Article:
The Plague Topic Tracking: Love
Love 1: The words that Dr. Rieux struggles for when he's saying goodbye to his wife indicate that he doesn't feel he's loved her and cared for her as well as he could have.
Love 2: The cat man's behavior, although a little odd, indicates he feels a kind of love for the cats.
Love 3: The narrator explains that a great source of suffering is being physically separated from the people you love.
Love 4: The feelings motivated by love, especially the desire to see loved ones again, is more passionately felt by the citizens of Oran than the horror of the death around them.
Love 5: Joseph Grand is torn up by lost love, and is saddened by the idea that he was unable to keep his love with Jeanne alive by talking things through.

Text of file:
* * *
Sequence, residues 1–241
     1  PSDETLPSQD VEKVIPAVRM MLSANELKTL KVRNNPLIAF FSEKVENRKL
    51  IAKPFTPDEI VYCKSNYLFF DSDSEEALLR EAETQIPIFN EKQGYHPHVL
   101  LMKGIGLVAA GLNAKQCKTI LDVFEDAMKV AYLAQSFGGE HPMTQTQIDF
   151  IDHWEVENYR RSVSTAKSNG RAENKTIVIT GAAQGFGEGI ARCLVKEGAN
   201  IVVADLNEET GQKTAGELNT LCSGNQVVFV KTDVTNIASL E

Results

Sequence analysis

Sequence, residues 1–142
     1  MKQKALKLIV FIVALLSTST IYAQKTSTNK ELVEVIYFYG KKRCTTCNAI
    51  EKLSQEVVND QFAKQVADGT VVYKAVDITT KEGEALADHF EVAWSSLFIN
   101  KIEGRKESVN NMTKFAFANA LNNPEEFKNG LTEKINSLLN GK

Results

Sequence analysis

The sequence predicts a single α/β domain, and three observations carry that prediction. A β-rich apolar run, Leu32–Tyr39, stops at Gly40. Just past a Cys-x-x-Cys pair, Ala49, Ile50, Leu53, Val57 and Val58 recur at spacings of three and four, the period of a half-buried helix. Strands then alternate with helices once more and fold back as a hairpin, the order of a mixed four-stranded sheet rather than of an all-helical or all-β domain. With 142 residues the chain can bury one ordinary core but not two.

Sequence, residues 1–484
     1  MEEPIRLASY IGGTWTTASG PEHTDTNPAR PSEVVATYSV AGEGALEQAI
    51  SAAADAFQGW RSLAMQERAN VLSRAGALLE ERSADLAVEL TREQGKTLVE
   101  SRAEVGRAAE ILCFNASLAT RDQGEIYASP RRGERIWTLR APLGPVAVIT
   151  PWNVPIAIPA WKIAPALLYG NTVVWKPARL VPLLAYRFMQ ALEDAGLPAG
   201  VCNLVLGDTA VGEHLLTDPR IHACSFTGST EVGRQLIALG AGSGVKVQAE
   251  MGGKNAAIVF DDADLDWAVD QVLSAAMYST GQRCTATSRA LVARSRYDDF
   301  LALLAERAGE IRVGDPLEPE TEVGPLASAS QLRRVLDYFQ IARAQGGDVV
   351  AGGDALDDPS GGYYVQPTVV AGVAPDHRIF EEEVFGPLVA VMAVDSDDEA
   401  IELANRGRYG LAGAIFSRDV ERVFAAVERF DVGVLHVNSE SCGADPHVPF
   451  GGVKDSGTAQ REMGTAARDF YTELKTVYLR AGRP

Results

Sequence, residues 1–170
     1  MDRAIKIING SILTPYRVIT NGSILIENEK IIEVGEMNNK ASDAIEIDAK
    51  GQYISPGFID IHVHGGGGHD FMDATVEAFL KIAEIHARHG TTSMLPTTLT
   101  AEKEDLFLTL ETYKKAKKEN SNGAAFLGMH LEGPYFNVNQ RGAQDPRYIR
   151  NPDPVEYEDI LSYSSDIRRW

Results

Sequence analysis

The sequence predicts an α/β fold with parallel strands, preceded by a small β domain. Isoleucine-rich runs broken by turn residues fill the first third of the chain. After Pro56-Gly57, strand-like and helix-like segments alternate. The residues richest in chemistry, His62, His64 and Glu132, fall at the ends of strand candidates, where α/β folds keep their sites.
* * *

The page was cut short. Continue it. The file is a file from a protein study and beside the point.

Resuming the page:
Love 6: The townspeople of Oran, including Rambert, find that memories they have for loved ones paralyze them--these memories keep them from being so miserable that they absolutely must fight against the plague.
Love 7: Rambert says that it is only worth living and dying for love, not for an idea.
Love 8: Rieux's observation that "blind endurance... had outlasted love" supposes that enough suffering and long enough isolation from a loved one might kill love.
Love 9: Dr. Rieux loses two major chances at being able to love at the chronicle's end--both Tarrou and his wife are lost to death.
Love 10: Dr. Rieux's conclusion is that loving humans is a more certain path to happiness than loving ideas.
Love 11: Love is mentioned as one emotion that all the citizens of Oran, and all the world, have in common.